2018-08-10 03:37:04 PM  
There's a ton of hype about 3D printed guns when the we've already got more regular 3D guns than we know what to do with.  This is like worrying about Putin's new hypersonic cruise missile when he's already got thousands of ICBMs that you can't do anything about.  I'm not interested in the new, scary thing.
 
2018-08-10 03:37:08 PM  

iheartscotch: keldaria: Soo, given the likelihood of the weapon blowing up in you hand, do we have any bets on how long before people are suing over injuries sustained because the gun isn't designed for safety and/or the printers aren't accurate enough and leave imperfections leading to these injuries.

These things just look like giant liabilities for the 3D model makers and the 3D printer manufacturers/software developers. I wonder how many lawsuits it'll take for them to decide to pull these things down or somehow prevent their use to manufacture weapons like these.

The 3D printer manufacturer didn't make them download the plans. And the dude who made the plans didn't make the end user put them together or fire them. You could very reasonably claim that the person with the exploded hand put it together improperly or used the wrong material or the wrong tolerances or any number of things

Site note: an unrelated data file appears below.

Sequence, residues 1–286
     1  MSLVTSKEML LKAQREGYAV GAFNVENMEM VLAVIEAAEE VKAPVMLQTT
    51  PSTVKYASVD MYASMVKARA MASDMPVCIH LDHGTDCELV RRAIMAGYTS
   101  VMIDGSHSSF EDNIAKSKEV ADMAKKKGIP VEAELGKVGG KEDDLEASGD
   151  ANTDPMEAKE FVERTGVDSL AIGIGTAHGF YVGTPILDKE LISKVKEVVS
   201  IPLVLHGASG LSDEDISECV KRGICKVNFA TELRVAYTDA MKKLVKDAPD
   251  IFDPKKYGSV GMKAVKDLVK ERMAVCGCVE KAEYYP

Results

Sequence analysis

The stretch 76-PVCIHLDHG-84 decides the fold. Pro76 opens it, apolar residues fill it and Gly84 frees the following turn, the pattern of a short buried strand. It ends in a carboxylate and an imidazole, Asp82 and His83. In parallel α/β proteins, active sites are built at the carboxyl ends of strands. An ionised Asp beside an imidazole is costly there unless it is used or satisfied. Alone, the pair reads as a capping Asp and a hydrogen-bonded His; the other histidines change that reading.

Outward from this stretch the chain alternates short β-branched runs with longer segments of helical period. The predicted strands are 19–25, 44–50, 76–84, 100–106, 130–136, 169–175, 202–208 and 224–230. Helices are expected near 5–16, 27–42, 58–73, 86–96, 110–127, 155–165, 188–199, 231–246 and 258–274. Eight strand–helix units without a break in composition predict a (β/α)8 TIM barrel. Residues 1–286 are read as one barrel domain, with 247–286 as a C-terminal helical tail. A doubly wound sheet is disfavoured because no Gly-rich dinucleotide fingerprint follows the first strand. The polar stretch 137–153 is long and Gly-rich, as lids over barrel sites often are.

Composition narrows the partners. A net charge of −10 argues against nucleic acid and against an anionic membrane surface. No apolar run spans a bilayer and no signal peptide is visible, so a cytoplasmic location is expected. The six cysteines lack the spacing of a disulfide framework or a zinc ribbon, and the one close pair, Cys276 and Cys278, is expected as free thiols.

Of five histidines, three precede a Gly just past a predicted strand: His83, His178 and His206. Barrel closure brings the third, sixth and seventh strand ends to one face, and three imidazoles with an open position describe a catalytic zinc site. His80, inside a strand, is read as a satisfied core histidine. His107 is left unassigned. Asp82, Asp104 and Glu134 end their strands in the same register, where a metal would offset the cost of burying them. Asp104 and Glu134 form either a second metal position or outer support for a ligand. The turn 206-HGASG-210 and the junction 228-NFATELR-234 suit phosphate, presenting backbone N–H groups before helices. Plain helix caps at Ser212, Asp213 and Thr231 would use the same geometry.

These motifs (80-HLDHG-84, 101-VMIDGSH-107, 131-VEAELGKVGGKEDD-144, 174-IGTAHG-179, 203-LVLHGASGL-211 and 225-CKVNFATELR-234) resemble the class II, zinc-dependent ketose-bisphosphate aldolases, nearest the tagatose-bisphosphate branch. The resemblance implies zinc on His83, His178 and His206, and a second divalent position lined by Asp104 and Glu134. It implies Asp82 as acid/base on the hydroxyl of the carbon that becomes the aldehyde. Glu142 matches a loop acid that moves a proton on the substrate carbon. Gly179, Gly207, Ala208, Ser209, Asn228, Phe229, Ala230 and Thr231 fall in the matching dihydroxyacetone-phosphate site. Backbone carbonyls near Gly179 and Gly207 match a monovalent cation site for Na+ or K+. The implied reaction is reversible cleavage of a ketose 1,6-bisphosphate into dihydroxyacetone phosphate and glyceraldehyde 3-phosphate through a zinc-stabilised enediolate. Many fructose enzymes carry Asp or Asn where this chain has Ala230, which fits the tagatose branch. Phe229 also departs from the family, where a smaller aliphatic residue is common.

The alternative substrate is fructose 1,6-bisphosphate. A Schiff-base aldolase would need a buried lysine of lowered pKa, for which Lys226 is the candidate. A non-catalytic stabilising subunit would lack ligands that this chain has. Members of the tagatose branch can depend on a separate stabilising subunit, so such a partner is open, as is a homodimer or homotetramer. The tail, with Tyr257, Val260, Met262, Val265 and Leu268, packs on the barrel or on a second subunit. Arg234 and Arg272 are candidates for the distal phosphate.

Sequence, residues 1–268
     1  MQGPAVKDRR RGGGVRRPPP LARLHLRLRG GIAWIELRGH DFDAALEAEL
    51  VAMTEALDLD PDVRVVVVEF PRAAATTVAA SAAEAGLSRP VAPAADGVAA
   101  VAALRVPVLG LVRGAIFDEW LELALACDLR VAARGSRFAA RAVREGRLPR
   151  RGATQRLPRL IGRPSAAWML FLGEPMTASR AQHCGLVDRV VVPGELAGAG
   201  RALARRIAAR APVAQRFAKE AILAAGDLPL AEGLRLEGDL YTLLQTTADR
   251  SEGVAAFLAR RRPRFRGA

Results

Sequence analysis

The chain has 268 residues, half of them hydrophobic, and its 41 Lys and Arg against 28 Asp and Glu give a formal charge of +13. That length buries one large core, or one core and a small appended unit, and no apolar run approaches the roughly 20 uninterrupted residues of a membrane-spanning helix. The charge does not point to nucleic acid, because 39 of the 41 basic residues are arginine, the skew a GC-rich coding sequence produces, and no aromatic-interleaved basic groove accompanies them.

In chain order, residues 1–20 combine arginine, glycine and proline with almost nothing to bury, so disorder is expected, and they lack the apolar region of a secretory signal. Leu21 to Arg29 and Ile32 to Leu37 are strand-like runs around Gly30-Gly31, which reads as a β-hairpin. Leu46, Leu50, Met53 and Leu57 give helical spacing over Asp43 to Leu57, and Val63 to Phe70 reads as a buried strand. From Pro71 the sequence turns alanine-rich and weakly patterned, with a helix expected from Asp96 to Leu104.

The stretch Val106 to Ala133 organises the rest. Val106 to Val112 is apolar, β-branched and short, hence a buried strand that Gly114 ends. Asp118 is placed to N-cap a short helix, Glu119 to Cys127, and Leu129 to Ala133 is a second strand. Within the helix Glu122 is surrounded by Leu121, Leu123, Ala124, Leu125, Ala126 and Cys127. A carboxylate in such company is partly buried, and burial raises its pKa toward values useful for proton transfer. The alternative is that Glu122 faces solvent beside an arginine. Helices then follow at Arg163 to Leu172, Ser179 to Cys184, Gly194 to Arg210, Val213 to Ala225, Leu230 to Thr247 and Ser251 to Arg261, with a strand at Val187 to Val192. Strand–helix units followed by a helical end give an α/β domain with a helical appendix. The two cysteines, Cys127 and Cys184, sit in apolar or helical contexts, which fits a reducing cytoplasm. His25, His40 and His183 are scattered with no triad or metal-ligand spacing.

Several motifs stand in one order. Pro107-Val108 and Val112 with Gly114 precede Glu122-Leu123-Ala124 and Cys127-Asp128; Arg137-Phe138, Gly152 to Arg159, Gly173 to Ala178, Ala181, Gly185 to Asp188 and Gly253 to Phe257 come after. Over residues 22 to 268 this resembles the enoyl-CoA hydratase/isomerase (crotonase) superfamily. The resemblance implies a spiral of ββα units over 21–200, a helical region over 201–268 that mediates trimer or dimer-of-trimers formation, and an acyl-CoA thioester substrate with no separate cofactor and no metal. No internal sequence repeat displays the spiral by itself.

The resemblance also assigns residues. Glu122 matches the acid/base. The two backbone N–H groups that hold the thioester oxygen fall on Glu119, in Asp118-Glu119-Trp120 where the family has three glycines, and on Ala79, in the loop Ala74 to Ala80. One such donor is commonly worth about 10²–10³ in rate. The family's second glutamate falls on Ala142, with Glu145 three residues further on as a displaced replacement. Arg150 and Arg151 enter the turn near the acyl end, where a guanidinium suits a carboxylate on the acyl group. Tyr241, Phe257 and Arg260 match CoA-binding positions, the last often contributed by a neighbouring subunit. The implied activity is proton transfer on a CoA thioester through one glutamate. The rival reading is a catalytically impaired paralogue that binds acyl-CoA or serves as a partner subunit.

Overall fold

/ now, if you made them AND sold them....that's when you'd be liable


Yep, I'm sure the 3D model designers and printer manufacturers made sure to slap all the legal disclaimers they needed to obsolve themselves from liability.

Oh incidentally, do you know how many companies still get sued over stupid shiat and end up loosing even after incorporating all sorts of legal terms to sell or obsolve themselves from liability. Fact remains that you can sue over anything and often times jury's are suckers for someone with a permanent injury that will leave them partially or permanently disabled.
 
2018-08-10 03:37:54 PM  
DUH

I think a lot of people don't have any clue how much barrel pressure is generated in modern firearms.

A piddly .22 handgun generates something on the order of 24k PSI.

Twenty. Four. THOUSAND pounds per square inch of pressure.

That's why we make them out of high quality, high elasticity materials (mostly steel alloys and carbon fiber).

/good thing they were sensible enough to use a string
//it's also why this ridiculous scare-mongering over 3D printed guns is largely piffle